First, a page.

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answers from Los Angeles on

Yes, I see this all the time. I like what Deedee said. It's perfect. Basically assign things out by asking specifically "would you please bring a pasta salad to the get together?" "Would you please bring some bread?" "Can't wait to see you, can you bring a green salad? Thanks so much.".

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answers from Los Angeles on

I agree with what many others said - if it's a true potluck where everyone is expected to contribute, then I do get annoyed and I do notice. However, if one person invites everyone over for dinner or a bbq, but doesn't call it a potluck or ask others to bring something, then I don't think it's bad.

I always bring something to a potluck. I'm not always good about bringing something to a dinner or party if it's not specified though. However, I am making a strong effort to be better about at least bringing a hostess gift or bottle of wine, if not a dish to share.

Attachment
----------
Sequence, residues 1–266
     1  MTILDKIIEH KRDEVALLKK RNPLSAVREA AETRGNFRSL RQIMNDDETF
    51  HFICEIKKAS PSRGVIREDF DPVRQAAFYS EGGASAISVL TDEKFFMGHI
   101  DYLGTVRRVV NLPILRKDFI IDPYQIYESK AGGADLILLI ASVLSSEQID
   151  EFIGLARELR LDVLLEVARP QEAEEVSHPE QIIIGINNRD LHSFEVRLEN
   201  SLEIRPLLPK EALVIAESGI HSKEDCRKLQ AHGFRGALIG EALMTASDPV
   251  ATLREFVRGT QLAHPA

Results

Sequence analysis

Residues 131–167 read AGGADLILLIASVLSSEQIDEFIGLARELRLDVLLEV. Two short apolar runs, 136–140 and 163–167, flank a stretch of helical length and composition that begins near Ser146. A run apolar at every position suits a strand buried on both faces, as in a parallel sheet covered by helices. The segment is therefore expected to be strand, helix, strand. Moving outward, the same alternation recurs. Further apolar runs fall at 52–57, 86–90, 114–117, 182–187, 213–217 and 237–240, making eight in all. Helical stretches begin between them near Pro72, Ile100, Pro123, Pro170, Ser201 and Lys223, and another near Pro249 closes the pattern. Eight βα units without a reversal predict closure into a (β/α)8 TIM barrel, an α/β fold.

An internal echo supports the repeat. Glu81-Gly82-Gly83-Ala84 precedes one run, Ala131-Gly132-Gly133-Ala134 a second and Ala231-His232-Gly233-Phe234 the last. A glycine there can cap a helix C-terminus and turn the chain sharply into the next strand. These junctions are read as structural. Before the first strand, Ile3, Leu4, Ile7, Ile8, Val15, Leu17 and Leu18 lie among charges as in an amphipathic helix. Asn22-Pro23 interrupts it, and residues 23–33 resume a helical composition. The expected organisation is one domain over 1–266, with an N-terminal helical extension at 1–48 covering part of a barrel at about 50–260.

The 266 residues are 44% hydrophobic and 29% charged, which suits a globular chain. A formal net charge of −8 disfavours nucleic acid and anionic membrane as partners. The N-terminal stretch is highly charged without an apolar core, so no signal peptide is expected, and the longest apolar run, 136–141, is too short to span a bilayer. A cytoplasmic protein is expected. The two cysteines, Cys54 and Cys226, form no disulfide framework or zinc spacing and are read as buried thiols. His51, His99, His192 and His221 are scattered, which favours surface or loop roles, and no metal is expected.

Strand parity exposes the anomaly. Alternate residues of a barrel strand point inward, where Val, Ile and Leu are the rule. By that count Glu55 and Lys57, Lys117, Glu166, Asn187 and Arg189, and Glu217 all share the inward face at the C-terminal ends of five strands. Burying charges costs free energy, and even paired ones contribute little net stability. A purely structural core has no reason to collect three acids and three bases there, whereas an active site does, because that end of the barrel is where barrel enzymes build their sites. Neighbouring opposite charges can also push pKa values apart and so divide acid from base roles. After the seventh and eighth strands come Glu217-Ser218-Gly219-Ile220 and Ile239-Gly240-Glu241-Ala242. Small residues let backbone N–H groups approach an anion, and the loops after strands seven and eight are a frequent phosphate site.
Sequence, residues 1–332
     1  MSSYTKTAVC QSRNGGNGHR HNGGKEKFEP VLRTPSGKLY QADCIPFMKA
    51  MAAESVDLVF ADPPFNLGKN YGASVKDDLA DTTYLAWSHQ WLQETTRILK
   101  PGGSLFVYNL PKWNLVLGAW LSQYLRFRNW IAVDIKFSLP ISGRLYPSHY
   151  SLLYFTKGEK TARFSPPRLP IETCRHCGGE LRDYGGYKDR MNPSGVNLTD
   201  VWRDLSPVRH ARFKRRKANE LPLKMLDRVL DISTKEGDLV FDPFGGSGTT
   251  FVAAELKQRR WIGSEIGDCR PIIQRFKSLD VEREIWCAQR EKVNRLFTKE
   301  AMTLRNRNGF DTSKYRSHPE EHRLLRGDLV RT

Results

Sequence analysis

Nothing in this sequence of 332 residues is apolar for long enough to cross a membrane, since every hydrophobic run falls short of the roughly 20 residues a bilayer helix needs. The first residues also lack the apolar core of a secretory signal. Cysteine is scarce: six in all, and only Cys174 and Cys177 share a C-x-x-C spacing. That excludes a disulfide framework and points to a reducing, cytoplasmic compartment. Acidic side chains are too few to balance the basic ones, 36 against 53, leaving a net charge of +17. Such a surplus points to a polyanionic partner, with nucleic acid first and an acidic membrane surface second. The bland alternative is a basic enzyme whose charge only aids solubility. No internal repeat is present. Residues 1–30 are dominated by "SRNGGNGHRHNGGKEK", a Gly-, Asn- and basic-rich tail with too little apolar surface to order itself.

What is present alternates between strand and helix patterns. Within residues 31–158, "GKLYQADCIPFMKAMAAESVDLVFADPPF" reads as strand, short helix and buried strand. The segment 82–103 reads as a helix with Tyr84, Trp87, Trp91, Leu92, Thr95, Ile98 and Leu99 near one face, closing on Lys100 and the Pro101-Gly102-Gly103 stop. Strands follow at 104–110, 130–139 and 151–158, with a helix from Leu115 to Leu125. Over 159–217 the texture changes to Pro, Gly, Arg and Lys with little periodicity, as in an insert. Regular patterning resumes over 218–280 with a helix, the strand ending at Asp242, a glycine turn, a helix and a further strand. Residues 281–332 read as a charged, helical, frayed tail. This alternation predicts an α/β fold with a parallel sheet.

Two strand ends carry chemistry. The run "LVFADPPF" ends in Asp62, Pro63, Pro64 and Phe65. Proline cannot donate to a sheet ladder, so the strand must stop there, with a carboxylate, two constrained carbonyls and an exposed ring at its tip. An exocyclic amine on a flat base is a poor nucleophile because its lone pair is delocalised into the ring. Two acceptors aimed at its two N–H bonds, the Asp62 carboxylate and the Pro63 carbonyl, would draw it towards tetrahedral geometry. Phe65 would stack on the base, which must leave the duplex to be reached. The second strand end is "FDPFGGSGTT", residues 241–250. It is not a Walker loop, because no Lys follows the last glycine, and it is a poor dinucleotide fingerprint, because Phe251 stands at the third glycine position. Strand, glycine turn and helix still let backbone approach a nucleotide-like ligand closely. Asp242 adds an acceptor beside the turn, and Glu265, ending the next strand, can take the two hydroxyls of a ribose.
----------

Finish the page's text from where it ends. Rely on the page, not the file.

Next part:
Though not quite the same... I have one friend that is always asking others for favors and freebies, but never gives in return. She will ask for fruit from backyard trees, to have pants hemmed or other garments sewn, or for a haircut for her son. She attends get togethers at all of our homes, but never hosts at her own. Many of us are getting increasingly frustrated... we all notice how much she takes and how little she gives.

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answers from Chicago on

If it's a potluck then they have to realize that's the theme. Everybody throws their food together. If it's just a visit then sometimes people do not understand it would be a kind gesture to bring something. We were invited once to a family dinner and brought along chips and homemade salsa and remember how the family was searching for silverware a previous time I brought some nice plastic ones. My husband and I were shocked when the wife was all insulted because we brought the silverware, said she could take of her own and she literally kept the salsa out of sight and threw it back in the car as we were leaving. It was all over. We were so hurt. So I guess the best answer there is to perhaps check it out before you go...such as do you need anything?